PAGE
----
09-10/2019 Blooming and wilting aviation
Germany cultivated a mere 323 ha of roses in 2017, which corresponds to 450 football pitches – on which the German team didn’t exactly cut a cavalier figure at the football World Cup in Russia last year either. So lovers in Germany as well as in the rest of Europe, North America, Asia and Australia were happy to have roses imported from distant climes available on 14 February. Of all the modes of transport, only aviation can ensure that the flowers continue to look nice after their sale. Lufthansa Cargo and Emirates SkyCargo each transported around 900 t of roses around the world, with the Emiratis chartering planes to fly flowers directly from Quito to Los Angeles and from Nairobi to Sydney for the first time. It comes as no surprise that Air France KLM Cargo handled 3,300 t of roses, as the airline operates a Dutch hub just a stone’s throw from the world’s largest flower exchange in Amsterdam. Latam Cargo is the industry leader in terms of perishable flowers, however. It is based slap-bang in the middle of the South American production region, and in the 25 days before Saint Valentine’s Day it flew no less than 9,000 t of cut flowers out of Colombia and Ecuador.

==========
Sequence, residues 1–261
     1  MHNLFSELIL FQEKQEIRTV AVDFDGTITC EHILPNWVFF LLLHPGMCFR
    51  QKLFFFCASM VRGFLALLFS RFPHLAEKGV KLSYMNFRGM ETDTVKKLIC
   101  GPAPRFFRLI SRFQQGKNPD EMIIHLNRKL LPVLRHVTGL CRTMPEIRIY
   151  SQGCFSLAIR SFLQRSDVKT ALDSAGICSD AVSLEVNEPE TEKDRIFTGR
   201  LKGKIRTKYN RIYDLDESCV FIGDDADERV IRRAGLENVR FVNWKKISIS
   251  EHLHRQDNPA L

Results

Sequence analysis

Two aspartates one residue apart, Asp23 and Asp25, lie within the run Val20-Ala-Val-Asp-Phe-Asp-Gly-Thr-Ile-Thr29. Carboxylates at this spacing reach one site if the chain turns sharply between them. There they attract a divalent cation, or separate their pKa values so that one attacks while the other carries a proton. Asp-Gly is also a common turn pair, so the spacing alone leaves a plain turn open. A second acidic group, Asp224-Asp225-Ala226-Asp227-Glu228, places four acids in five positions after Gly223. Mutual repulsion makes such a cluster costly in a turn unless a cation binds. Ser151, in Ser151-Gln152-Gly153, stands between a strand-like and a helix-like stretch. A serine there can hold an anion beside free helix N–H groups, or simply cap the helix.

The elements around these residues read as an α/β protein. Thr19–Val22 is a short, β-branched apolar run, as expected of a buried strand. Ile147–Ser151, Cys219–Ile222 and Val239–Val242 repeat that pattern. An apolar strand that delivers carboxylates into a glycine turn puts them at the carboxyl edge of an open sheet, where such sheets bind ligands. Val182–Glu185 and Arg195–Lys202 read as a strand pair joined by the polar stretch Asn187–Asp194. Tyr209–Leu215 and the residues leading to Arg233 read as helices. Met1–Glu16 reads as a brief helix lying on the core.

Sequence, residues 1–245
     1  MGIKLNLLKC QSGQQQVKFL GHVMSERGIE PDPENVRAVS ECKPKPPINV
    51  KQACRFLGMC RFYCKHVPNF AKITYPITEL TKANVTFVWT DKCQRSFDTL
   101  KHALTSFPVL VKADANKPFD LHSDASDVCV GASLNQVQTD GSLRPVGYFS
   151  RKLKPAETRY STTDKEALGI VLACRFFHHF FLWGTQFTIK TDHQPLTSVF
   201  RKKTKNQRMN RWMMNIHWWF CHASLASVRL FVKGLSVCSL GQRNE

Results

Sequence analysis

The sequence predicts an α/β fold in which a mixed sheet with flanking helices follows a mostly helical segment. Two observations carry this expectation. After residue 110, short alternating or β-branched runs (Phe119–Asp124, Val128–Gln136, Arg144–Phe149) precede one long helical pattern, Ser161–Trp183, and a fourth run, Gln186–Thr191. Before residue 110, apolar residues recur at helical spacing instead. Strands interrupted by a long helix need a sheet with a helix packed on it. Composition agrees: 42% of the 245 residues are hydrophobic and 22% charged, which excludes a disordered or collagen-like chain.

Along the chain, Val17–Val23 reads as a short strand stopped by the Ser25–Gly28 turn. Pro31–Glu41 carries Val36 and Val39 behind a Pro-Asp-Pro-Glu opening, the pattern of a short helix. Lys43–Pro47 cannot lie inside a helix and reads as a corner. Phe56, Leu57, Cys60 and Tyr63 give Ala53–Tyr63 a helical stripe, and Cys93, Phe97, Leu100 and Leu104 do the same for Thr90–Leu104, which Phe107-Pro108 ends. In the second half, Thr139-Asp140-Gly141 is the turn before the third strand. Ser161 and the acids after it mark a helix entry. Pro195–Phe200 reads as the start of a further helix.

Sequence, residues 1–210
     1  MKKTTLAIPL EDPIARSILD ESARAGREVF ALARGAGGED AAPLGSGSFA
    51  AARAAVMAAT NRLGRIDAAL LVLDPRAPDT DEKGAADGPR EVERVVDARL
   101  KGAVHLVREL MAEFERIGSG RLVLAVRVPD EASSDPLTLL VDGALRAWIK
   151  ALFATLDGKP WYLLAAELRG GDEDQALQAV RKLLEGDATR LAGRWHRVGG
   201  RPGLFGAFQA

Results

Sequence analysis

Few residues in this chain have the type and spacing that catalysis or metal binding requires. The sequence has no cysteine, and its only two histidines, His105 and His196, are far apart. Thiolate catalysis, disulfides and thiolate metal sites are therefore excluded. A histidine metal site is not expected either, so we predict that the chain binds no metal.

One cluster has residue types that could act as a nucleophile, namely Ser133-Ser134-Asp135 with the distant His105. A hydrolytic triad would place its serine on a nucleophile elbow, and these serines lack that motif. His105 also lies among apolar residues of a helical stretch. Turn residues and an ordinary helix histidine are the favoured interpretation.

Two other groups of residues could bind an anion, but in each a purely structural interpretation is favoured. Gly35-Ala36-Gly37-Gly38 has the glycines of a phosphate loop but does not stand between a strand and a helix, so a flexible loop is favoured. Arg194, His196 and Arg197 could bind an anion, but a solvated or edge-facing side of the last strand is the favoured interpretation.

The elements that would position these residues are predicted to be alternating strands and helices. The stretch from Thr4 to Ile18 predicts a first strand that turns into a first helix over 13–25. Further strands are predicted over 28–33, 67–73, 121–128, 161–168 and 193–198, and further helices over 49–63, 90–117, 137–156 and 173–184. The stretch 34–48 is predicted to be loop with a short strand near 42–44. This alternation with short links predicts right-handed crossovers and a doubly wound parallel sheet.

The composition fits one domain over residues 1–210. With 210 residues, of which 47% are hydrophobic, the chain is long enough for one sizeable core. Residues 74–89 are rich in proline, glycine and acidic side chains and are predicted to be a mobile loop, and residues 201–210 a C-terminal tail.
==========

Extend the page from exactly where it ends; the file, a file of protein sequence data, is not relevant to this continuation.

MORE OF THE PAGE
You’ll come across all of these countries in our Special supplement, which will be distributed at the São Paulo intermodal trade fair – not only in English, French and German, as usual, but also in Portuguese and Spanish.
In the main issue you can read about how good a year 2018 was for the airfreight industry. What the rest of 2019 holds in store can’t be said two months into the year. Airbus terminated its A380 programme; the impact of Brexit is unclear. At least the flowers will be out again soon in spring.
Enjoy them when they come, and in the meantime enjoy this issue of the ITJ!
Head of airfreight